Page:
5. Baracula (Heroes in Action)
Love or hate his policies (or like most sane people, fall somewhere in between), both his supporters and opponents will acknowledge that Barack Obama captured pop culture in a way that few presidents before him did, inspiring a slew of merchandising that included Alex Ross T-shirts and a multitude of toy collectibles. Baracula, which depicts him as a seductive vampire, struck me as the most progressive of the bunch for one simple reason: merchandise honoring the first black president is obvious, but merchandise that subjects him to the same degree of satire as any other chief executive? That’s equality.
4. Spawn X (McFarlane)
When Spawn mentioned in one of the earliest comics that he was a black man, it was a deft example of prejudice challenging – most of us, most likely, had assumed this masked antihero was as white as so many others underneath, and had no idea until he spoke up why he was upset at reconstituting his “hamburger head” face into a blonde surf-dude. Still, while Spawn may have been made into more different figures than any other African-American character in fiction, it’s a stretch to say anything about his skin color when he usually doesn’t have any skin. For The Adventures of Spawn, however, McFarlane Toys reimagined the character as he might look like in a Saturday morning cartoon, complete with handsome human face that leaves his race in no doubt.
And no, the X isn’t a racial thing; this was merely the tenth different version of Spawn in his primary costume.
3. 200X Zodak (Mattel)
This, folks, is why we don’t always use the term “African-American” – the continents of Africa and America do not exist on Eternia. Racial switcheroos on characters can be a point of controversy – Michael Clarke Duncan as the Kingpin was not a choice that pleased hardcore fans, though it’s likely that kids today think of Nick Fury as being Samuel L. Jackson rather than David Hasselhoff, which is as it should be. But nobody really minded when Mattel took the most confusing Masters of the Universe character from the original toy line and gave him both a pigment change and an interesting backstory. Previously, he had been sold as a bad guy but presented as neutral-to-good in the cartoons and tie-in books; the 2002 cartoon made him a wounded hero with a vendetta against snakes and some badass tattoos and weapons; a significant, major character, whereas the only black figure in the vintage line, Clamp Champ, was fairly obvious tokenism. When the Classics toy line revived Masters of the Universe, the disappointment was palpable that they came out with lame, white Zodac first, versus the awesome black version (who did show up eventually, being an easy repaint and all).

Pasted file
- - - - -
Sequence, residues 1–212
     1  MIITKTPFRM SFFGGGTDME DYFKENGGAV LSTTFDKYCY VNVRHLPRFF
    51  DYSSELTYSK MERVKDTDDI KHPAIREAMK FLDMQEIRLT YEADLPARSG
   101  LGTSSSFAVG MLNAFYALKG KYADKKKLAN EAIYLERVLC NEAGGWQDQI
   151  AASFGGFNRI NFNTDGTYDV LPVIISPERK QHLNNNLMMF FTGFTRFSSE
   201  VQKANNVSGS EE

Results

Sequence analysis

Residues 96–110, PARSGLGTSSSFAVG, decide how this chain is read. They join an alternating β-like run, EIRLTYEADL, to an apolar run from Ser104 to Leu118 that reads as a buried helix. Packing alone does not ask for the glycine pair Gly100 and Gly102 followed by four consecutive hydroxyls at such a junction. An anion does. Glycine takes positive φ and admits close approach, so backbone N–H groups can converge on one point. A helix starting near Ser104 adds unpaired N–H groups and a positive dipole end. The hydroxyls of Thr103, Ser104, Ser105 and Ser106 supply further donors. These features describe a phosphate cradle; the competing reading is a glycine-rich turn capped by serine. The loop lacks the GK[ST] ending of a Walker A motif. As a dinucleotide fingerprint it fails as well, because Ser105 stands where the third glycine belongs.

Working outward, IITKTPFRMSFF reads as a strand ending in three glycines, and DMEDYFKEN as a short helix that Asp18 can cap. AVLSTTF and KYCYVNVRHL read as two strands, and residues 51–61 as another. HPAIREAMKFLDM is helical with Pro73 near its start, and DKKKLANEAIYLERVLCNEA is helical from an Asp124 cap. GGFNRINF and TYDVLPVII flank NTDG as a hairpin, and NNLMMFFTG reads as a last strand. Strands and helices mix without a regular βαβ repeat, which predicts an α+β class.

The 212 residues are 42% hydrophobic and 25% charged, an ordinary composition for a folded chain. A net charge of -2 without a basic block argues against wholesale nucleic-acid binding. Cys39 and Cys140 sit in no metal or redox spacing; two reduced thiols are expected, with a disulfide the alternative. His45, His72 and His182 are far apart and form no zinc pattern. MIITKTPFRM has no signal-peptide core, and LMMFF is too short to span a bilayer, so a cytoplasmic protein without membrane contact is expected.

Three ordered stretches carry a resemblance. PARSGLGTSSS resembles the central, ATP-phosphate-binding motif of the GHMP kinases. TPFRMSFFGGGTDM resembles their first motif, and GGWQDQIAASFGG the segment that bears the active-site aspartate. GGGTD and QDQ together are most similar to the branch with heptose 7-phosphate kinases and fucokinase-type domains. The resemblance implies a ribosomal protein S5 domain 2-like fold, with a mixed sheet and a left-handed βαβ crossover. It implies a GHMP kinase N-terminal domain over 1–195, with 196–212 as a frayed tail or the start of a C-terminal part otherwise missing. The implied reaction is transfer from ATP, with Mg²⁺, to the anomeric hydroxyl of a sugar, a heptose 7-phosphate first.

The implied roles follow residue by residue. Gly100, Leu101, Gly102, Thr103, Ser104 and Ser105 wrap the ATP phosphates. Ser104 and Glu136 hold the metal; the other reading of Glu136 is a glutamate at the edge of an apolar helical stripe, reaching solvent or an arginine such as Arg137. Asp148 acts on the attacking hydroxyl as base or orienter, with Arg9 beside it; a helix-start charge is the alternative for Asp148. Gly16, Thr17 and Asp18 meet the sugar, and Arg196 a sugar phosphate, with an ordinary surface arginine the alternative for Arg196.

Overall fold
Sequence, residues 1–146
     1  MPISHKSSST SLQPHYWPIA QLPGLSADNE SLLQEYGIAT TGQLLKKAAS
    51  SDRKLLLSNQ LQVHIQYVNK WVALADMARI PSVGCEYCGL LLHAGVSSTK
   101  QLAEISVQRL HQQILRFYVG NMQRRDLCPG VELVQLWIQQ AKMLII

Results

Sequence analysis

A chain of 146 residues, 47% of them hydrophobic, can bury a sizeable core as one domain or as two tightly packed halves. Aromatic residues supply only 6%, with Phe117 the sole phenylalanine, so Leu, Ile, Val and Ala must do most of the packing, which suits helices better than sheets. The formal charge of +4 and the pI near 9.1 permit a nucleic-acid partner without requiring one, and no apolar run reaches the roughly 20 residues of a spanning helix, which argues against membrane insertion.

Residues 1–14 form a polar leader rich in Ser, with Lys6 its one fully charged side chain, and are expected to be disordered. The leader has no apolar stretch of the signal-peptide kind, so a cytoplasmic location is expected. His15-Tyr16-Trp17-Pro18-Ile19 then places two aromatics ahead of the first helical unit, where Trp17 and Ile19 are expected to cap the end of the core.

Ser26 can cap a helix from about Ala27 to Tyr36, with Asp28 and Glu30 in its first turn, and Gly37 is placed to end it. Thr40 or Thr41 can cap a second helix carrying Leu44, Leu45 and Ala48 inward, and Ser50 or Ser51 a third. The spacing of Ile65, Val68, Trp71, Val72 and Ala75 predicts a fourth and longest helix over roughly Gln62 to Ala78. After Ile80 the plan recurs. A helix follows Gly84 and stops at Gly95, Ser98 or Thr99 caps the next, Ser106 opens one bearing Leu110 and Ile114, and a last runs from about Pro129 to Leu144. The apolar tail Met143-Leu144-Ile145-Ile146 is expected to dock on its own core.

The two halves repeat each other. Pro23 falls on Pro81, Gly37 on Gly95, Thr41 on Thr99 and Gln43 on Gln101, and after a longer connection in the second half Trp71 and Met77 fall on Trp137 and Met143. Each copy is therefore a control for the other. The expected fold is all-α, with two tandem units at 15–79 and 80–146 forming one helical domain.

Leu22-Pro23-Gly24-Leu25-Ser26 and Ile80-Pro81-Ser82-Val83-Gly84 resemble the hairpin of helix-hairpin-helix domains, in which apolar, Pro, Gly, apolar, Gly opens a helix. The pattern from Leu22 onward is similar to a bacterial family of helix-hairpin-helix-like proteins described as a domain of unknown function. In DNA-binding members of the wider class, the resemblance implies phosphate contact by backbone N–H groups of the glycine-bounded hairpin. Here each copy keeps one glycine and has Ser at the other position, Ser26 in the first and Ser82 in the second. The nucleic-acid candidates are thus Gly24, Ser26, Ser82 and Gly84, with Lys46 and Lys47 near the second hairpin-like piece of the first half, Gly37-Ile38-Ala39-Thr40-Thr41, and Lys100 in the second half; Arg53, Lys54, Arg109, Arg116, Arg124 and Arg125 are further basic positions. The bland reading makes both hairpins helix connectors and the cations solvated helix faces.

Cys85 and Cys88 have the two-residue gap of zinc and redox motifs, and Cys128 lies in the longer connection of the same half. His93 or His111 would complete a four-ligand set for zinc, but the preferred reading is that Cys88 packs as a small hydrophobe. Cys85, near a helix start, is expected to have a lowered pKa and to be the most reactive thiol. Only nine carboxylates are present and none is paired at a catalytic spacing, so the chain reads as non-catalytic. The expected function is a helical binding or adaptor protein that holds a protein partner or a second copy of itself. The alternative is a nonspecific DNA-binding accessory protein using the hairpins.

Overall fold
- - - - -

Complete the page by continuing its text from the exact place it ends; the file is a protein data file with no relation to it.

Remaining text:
Want to be a truly nerdy stand-up comedian? Start honing your “White Zodac does this, but black Zodak does THIS!” routine.
2. Lando Calrissian in Skiff Guard Disguise (Kenner)
While waiting for this figure to come out, I wondered how they’d make him. Would he be helmeted, as he was in Jabba’s palace, or unhelmeted and recognizable as the Lando we all knew? This was a big deal, since he was my favorite Rebel at that point – moral ambiguity was always more interesting to me. Anyway, when the toy finally showed up, and it had a removable helmet, mind was blown. This was a totally new gimmick in 3-3/4 scaled figures, and it hadn’t occurred to me that one figure could incorporate both looks. Plus the ultra-cool skiff pike weapon beat the hell out of the three or four generic guns that came with most other figures – I cried and cried when a friend’s dog jumped up on my lap and broke the darn thing.
1. Blade (Toy Biz)
The very same character who proved that Marvel movies could be good was also the one who proved that Marvel movie toys could be amazing. Featuring more articulation than most toys had then and now, he came with a flamethrower weapon and gun that could be holstered around his waist, plus a boomerang, spring-action crossbow, sword, and removable sunglasses that looked good both on and off the dead-on Wesley Snipes likeness. All of which could hide underneath his soft removable trenchcoat. Regarded by many as one of the greatest figures ever, he still fetches a decent price among collectors. It’s too bad Snipes himself didn’t stockpile a few to get out of his tax troubles.